By Rob Cox
The author is a Reuters Breakingviews columnist. The opinions expressed are his own.
By Don Tapscott
The view expressed here are his own.
Protesters set up the “Occupy Wall Street” base camp in New York a month ago because the location epitomizes the economic forces that control the U.S. and global economies. As one sign read: “This is not a recession. It’s a robbery.” To many it feels like just that. The financial services industry is in desperate need of reform. Many bankers have behaved as secretive corporate titans serving only their own interests, and insist the devastating consequences are not their fault. They are failing to fulfill their obligations to society—in some cases, even to shareholders–and a growing number of critics view the day-to-day behavior of the financial services industry as unacceptable. If the industry doesn’t initiate reform from within then it will eventually have more extreme reform imposed from outside.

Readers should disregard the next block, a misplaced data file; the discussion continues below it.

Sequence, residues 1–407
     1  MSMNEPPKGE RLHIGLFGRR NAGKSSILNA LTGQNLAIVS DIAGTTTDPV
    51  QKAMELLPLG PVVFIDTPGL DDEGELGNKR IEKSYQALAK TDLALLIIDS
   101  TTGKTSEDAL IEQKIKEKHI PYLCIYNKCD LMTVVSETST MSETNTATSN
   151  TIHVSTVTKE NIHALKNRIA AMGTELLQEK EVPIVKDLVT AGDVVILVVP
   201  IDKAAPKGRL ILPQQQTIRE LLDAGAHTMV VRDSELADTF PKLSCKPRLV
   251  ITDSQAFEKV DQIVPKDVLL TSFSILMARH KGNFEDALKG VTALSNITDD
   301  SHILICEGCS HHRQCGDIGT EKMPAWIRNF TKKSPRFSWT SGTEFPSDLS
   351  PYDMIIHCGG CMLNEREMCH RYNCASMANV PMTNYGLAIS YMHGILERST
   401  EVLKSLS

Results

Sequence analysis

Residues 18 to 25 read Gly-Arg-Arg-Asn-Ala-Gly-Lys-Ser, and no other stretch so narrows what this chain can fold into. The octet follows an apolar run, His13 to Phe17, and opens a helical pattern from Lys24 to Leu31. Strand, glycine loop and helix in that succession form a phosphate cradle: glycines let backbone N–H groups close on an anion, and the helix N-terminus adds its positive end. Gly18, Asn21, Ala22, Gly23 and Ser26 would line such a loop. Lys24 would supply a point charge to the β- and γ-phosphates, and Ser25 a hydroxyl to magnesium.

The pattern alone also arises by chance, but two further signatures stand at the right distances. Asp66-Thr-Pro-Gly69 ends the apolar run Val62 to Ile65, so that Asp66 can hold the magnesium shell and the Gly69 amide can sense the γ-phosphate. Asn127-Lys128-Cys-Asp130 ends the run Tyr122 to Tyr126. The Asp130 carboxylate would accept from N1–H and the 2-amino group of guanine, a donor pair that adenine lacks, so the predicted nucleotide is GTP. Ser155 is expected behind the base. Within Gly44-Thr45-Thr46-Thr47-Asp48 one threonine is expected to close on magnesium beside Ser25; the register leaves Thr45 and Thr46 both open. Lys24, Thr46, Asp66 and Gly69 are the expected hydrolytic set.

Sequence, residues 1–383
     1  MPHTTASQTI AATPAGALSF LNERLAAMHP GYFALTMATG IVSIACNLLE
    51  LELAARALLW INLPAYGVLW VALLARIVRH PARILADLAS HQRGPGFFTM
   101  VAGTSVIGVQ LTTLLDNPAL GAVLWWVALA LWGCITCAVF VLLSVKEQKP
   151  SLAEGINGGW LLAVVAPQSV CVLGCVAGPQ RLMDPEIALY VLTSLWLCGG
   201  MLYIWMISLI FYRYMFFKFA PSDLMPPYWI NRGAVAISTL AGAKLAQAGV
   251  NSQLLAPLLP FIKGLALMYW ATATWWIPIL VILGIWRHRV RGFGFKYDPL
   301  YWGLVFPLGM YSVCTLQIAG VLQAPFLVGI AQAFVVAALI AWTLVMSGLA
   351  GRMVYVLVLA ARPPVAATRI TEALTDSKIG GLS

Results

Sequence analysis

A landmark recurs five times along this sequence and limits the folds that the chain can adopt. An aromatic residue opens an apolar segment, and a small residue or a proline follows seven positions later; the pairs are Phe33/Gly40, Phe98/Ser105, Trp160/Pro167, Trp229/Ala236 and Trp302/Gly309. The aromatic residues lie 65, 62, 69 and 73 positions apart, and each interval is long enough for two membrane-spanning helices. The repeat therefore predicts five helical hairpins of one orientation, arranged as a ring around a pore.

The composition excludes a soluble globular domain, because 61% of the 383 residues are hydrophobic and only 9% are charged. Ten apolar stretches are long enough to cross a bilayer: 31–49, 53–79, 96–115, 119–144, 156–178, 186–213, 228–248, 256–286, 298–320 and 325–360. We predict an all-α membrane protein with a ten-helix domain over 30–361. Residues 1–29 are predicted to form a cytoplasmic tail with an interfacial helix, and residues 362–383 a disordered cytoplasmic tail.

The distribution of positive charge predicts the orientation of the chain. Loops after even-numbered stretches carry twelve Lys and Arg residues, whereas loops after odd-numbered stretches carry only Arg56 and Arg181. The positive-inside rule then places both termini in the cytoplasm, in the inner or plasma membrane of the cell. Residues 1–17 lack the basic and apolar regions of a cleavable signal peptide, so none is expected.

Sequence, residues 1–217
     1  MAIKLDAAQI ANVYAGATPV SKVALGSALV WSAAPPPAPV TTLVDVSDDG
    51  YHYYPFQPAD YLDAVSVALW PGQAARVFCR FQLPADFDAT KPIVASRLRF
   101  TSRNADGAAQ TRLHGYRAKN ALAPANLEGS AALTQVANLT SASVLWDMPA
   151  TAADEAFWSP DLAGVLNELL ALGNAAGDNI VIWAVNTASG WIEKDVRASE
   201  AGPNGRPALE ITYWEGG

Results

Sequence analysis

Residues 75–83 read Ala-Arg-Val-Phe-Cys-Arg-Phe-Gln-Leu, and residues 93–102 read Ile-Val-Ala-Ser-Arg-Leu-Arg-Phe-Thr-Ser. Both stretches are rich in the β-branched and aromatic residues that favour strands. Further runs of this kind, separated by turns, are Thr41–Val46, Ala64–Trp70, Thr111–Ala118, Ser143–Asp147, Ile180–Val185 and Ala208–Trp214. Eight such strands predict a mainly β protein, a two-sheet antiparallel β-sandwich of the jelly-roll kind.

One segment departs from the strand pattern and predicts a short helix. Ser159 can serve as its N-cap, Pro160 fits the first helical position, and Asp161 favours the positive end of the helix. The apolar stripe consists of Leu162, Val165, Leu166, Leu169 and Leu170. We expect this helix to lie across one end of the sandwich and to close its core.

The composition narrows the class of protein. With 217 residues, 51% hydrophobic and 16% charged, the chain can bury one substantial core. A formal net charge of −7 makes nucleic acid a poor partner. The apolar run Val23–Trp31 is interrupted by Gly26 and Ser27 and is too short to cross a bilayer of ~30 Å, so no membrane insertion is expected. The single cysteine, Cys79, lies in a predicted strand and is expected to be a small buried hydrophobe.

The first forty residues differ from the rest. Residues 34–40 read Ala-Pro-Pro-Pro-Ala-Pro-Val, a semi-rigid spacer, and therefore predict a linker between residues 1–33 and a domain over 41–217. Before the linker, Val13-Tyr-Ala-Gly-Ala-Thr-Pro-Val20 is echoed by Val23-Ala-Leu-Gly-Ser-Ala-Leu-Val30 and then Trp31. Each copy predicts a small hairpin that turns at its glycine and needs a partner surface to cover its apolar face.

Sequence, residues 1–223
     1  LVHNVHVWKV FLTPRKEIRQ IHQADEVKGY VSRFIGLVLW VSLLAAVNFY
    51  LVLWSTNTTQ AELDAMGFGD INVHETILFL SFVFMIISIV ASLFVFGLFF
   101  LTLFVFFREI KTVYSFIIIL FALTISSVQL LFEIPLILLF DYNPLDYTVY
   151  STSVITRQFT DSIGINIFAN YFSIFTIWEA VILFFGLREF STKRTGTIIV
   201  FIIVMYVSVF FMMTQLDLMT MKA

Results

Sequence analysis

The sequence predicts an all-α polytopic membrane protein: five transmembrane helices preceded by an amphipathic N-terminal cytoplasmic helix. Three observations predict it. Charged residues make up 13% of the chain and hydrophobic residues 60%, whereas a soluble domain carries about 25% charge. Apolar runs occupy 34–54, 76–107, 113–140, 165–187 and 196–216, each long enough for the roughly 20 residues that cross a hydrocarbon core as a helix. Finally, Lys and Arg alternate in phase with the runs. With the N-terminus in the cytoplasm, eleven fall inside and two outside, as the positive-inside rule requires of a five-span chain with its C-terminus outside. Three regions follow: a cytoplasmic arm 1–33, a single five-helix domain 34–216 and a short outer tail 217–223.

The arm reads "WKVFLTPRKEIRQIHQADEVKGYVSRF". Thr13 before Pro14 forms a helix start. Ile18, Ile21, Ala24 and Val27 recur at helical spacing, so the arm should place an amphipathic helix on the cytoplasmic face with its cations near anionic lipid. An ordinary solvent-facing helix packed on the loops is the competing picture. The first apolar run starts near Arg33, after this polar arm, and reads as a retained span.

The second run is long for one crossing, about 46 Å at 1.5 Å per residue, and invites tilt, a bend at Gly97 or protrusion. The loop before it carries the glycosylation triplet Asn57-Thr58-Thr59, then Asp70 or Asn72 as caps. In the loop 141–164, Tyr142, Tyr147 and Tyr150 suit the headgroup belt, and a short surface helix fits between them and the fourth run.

By Katrina Pugh
The opinions expressed are her own.
In the jitteriness over the stock market’s worst quarter in two years, a racing volatility index, and protests spreading across the nation’s major cities, all bank leadership (and perhaps all corporate leadership) needs to ask a fundamentally new question: “What blindspots are dogging us?” This hardly seems like a radical question. After all, most arbitrators make their money off of other people’s blindspots by seeing around corners where others can’t.